Q: What is "Capacitance Sensor"?

A:In a capacitance Sensor, two thin metal wafers are set at a small distance apart. As weight is added to the scale, the pressure pushes the two plates closer together. The signal is sent to a microprocessor which then converts it into a weight readout. Capacitance cells aren't quite as popular as sensors, but are used in the 1479V from Tanita . Capacitance sensors are designed to be more durable than straining resistance sensor, but are also said to not be as accurate.

General Tech Support:

Q: After you change new batteries the scale can still not work. What could be the reasons of fatal scales error?

A1:Overload is the #1 cause of Fatal scale errors. Scales are only designed to weigh up to their maximum capacity. For instance, the LT-AS 150g/0.1g is designed to weigh up to 150 grams. If you put 500 grams on the scale even once, you can crush or deform the load cell and cause fatal damage to the scale. Be careful! Don't put a scale in your back pocket, even the hard case scales. Your large behind will always crush the load cell and destroy the scale.

Note:All Later scales are equipped with "overload protection board" inside to protect scale from damaging of "careless" overloading from upside and downside. But we suggest you never overload a scale if possible. There is not a single scale in existence that cannot be destroyed by overload.

A2:Mishandling is the #2 cause of fatal scale errors. If you drop or otherwise mishandle your scale, it can cause a fatal problem. Scales are precise instruments. They have delicate sensors that can easily be damaged by mishandling.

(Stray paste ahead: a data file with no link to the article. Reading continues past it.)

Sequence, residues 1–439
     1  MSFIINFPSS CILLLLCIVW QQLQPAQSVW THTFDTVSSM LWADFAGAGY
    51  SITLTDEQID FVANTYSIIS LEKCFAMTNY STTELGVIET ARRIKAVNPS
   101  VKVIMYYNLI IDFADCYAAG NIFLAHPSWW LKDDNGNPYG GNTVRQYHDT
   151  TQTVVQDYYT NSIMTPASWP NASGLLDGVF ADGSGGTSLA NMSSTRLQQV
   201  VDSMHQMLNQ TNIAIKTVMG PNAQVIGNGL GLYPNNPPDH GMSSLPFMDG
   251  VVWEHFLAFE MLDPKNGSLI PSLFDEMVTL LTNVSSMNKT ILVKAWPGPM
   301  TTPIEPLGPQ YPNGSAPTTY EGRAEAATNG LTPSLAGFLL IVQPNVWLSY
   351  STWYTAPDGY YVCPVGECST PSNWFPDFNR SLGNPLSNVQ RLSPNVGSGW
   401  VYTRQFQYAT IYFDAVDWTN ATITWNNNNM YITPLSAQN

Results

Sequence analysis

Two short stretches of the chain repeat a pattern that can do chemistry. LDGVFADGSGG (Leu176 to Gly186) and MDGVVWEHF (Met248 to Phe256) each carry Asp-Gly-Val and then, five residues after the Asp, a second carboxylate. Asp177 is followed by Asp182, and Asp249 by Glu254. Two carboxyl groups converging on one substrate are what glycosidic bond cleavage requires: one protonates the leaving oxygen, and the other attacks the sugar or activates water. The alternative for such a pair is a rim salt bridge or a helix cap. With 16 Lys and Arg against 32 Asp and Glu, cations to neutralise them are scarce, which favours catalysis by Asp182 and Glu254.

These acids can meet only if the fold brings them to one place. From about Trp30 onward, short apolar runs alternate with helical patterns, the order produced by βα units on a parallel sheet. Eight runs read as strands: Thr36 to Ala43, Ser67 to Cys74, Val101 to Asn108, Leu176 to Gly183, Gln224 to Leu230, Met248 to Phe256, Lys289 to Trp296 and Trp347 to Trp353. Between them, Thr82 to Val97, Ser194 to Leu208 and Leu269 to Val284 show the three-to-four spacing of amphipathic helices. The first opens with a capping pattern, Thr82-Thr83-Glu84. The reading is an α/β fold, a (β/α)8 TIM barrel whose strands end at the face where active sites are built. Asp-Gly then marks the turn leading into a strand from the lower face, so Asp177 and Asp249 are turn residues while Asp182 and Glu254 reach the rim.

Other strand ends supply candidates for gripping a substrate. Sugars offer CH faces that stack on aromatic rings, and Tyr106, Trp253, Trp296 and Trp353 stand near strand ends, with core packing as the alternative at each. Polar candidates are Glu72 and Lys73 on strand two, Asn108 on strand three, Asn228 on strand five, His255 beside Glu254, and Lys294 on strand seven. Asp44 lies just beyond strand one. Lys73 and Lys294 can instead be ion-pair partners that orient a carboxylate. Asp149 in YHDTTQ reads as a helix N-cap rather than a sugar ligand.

A3:Shipment damage is the #3 cause of fatal scale errors. Consumers are used to throwing their calculators and products into a briefcase and allowing them to get shifted and banged around. Scales can't be treated this way! Shipper, UPS & the Post office are the true enemy of all scales. They'll sometimes throw your box around like a football before they deliver it. Then, you receive it and the scale won't work. We do our best to safety pack all scales, but Shipper, UPS & the post office throw them around anyway! If we put "Fragile" on the outside of the box, to them it seems to mean "give it an extra whack". All scales are tested before we ship them, they all work perfectly. UPS and the Postman can easily break your scales without leaving a mark so it is essential that you test all scales before you sign for them. If you ever ship a scale, be sure to safety-pack the box with extra padding. Warranty and Return

Q: There is no signal, what could be the main reason?